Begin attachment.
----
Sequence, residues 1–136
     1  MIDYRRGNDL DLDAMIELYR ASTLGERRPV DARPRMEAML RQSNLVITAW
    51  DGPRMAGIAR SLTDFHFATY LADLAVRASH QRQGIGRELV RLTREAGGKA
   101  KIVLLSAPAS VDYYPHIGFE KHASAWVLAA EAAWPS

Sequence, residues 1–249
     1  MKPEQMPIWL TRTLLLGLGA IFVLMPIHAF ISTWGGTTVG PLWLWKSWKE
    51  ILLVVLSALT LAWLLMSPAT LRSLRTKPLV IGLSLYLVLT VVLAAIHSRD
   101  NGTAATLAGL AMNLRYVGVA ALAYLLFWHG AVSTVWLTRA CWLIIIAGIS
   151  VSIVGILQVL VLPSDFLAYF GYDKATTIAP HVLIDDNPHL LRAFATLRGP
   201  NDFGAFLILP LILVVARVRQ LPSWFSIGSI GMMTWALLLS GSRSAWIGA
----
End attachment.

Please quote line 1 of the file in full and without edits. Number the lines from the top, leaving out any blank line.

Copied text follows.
Sequence, residues 1–136